Fillmore City Property Sale Hearing Package

Fillmore City Council members voted last week to hold a public hearing on Oct. 5 regarding the potential sale of two pieces of city property to real estate developers.

A developer is prepared to pay fair market value for 2.24 acres of municipal land north of the Bureau of Land Management office.

Another group, however, is seeking a substantial reduction in the price of 7.26 acres in an effort to lure the city into a quasi-partnership to develop 42 affordable housing units in five phases.

Dan Davies, a realtor with Davies & Company Realty, presented a plan for affordable housing lots to city council members on September 7 with Wayne Wasden, a developer.

Both men said their plan was a response to the persistently high cost of housing in Fillmore and many other locations in Millard County.

Davies said the idea started after conversations with local employers revealed frustration over the inability to attract new employees to the area because there was simply no room for them. The problem is in fact so serious that city officials have recently tolerated violations of the code regarding temporary accommodation occupied in areas of the city normally reserved for motorhome visitors.

The average home in Fillmore is currently valued at $ 215,000, according to Zillow, an online real estate marketplace. That’s up to 14 percent in just last year alone. In 2019, the average home was valued at around $ 180,000. In 2017, it was closer to $ 150,000. According to the same website, the cheapest home currently for sale is owner’s listing, a 1,620 square foot brick home with three bedrooms and one bathroom for $ 255,000. The other handful of homes for sale are listed for a lot more.

Wasden and Davies said they basically plan to build two specific houses – a three-bedroom, 2.5-bath house and a two-bed-and-a-bath house – on approximately 20,000 square feet of property bounded by 500 West and W. 300 South. If those homes sell, they plan to build the remaining 40 homes on 7,500 square foot lots in four additional phases, giving developers and contractors the flexibility to respond to any unforeseen market changes during each phase. Wasden said entering into an option contract to purchase the entire 7.26 acres of the new subdivision at a significantly reduced price would help mitigate any risk to the developers or their financial partners, including Rock. Canyon Bank.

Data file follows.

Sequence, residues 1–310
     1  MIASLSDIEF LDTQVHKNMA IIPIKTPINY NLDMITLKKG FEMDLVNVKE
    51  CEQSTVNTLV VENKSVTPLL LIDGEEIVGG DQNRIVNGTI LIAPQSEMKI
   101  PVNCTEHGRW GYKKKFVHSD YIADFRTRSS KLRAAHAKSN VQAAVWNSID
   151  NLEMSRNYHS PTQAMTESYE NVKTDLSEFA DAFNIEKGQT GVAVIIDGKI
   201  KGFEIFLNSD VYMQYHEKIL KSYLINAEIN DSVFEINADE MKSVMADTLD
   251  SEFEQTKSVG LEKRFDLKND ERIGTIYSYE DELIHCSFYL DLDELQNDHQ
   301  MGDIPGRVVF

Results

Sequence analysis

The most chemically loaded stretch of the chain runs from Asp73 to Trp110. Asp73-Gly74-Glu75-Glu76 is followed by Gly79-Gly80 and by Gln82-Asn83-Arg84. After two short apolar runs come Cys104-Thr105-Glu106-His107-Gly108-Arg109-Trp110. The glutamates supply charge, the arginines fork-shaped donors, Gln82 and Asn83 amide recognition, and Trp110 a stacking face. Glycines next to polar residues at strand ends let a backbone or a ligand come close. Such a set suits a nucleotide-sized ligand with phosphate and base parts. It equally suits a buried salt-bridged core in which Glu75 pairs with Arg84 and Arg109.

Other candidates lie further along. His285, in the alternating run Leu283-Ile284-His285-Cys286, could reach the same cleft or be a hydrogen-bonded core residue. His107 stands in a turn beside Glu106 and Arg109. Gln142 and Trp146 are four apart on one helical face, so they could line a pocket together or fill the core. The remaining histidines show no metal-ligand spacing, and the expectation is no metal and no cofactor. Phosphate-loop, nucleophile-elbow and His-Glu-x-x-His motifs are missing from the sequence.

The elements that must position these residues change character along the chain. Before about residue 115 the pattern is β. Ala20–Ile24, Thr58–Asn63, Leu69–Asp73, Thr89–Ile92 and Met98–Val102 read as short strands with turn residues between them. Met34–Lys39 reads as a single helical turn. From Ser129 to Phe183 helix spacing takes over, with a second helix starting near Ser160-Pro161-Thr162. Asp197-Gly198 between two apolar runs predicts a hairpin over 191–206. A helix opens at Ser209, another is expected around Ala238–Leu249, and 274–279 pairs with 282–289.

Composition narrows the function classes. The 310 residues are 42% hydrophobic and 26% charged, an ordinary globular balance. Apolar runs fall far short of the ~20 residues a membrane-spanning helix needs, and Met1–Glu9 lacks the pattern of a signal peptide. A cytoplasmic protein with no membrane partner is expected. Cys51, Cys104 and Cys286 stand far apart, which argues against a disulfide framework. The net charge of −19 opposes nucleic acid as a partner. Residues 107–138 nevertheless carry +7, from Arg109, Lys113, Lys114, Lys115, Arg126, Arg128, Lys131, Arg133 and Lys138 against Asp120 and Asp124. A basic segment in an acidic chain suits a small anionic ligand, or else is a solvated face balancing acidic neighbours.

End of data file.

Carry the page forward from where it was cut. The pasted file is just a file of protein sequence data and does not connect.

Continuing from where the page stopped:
“The aim of our project is to create a win-win situation for all the different stakeholders who are currently involved in the problematic aspects of affordable housing that is not available in the region,” he said.

Wasden said homebuyers would be shortlisted for financing and that a “buy-build” construction method could further reduce costs. The goal would be to provide no-frills housing for around $ 1,000 per month at the lowest price – no-frills being limited options, no basements or fireplaces, infrared heating to avoid typical HVAC expenses, and perhaps a little leeway on sidewalks, curbs and gutters, something the city currently requires on all new residential construction, in order to save further on development costs.

“Our target price for an affordable small house would be in the order of $ 250,000. Or less, ”Wasden said at the Sept. 7 board meeting.